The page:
Shifting gears: how does a literary festival become a drive-in event?July 18, 2020
Rethought for the pandemic, this year’s Appledore book festival in Devon will play to audiences in cars, who can flash their lights and listen via radio
Booklovers at the Appledore book festival this September will not be able to subject their favourite authors to the usual detailed questioning after a reading. Instead, the north Devon event is setting out to become the UK’s first ever drive-in book festival, where audience members will need to submit questions in advance, and flash their car lights to alert writers to their presence.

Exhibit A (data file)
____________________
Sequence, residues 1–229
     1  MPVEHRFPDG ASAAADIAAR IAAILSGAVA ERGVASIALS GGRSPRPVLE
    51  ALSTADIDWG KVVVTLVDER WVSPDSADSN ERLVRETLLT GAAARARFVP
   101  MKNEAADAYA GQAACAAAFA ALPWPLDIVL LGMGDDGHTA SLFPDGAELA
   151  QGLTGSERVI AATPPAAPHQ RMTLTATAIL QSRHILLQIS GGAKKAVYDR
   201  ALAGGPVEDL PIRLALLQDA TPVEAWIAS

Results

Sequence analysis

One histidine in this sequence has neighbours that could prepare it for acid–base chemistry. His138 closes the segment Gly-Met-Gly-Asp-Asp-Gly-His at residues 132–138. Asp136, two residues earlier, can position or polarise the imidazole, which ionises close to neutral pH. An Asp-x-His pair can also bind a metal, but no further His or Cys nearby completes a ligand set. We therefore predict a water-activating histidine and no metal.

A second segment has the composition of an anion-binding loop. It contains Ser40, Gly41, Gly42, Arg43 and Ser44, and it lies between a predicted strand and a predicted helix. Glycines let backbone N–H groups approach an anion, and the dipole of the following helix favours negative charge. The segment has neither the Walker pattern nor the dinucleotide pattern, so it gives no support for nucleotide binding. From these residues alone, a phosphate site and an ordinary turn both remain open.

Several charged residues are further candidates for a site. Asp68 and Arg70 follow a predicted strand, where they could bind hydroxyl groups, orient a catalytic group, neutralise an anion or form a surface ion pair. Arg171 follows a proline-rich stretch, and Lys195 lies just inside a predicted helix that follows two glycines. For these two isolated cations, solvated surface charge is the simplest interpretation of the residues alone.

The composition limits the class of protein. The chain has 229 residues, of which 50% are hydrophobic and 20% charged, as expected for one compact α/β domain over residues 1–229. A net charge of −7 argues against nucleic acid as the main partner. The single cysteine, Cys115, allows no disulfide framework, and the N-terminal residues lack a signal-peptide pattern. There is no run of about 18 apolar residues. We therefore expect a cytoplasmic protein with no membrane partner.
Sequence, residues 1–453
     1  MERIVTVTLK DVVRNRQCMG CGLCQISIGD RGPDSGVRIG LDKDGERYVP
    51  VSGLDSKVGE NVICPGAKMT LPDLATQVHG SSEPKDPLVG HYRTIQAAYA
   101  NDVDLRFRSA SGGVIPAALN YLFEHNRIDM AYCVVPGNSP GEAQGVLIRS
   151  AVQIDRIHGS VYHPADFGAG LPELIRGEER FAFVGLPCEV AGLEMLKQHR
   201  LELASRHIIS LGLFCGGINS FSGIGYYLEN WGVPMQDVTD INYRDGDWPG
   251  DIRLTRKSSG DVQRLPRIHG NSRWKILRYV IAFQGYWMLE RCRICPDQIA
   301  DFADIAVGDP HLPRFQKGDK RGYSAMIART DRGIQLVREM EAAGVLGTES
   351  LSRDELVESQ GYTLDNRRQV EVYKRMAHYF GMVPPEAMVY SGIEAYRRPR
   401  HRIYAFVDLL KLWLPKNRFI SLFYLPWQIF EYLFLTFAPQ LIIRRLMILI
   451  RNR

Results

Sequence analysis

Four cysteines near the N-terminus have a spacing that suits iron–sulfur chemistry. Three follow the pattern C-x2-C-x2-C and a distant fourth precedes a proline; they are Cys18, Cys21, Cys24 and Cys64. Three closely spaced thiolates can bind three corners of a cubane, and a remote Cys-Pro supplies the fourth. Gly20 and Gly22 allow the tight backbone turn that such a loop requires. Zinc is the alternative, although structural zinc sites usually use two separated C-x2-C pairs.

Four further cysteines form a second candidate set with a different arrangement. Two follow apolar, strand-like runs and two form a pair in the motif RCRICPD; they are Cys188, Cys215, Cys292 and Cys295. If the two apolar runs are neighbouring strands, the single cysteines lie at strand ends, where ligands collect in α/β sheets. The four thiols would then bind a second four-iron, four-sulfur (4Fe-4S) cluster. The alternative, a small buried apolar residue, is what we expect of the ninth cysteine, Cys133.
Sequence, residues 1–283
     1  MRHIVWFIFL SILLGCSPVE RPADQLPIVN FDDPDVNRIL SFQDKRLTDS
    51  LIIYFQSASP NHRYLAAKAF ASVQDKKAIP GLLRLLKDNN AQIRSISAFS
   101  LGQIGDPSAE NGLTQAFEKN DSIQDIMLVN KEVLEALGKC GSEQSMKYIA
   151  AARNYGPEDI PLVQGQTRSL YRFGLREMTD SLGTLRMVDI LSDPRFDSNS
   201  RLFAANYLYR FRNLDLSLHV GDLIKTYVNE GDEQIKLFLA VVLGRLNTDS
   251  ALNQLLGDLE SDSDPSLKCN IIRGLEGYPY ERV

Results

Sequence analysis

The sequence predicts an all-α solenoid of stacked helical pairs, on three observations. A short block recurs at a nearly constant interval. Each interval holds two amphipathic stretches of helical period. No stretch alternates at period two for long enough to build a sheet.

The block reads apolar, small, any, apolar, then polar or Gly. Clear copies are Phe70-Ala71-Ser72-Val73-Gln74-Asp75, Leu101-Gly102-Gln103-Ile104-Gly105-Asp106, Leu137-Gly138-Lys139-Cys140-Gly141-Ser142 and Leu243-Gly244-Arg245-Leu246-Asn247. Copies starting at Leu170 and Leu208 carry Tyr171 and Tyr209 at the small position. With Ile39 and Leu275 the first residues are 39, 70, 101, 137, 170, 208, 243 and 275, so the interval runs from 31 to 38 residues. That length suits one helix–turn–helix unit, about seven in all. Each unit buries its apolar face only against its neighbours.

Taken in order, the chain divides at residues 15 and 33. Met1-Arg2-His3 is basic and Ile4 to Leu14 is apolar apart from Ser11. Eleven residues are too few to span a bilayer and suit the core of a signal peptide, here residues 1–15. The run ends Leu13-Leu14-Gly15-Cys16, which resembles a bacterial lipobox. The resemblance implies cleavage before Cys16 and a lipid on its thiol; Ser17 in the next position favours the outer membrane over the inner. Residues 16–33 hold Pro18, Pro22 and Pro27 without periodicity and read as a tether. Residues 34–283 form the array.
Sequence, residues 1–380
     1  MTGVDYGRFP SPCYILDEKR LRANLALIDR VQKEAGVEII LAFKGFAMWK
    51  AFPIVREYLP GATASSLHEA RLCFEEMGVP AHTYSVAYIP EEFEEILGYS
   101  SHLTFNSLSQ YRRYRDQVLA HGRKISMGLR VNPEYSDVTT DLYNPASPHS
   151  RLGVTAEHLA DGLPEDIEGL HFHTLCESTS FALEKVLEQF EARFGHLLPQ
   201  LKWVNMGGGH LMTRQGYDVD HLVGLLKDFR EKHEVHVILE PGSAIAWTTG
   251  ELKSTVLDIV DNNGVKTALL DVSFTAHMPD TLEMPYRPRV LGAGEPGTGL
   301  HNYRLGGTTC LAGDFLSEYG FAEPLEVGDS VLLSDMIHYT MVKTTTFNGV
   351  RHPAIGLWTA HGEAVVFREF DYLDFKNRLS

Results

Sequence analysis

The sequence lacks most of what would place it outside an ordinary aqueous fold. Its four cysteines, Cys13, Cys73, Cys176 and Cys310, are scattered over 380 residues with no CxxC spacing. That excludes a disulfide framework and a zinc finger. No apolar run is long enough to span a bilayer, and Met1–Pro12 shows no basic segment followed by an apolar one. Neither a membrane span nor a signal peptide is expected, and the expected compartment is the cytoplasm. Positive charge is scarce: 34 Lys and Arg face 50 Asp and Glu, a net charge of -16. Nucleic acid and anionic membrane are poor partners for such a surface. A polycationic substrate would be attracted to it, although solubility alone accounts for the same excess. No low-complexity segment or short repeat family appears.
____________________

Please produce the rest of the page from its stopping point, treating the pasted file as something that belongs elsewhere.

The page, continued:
The Appledore book festival has been running annually since 2006, but organisers said that after months of uncertainty caused by the coronavirus, it became clear that this year’s event would not be able to go ahead if social distancing was still in place. Many of the UK’s book festivals, from Hay to Wigtown, have gone online-only in the wake of the pandemic, but the Appledore team came up with the idea of a drive-in festival, to be held in the grounds of the local Skern Lodge outdoor activity centre.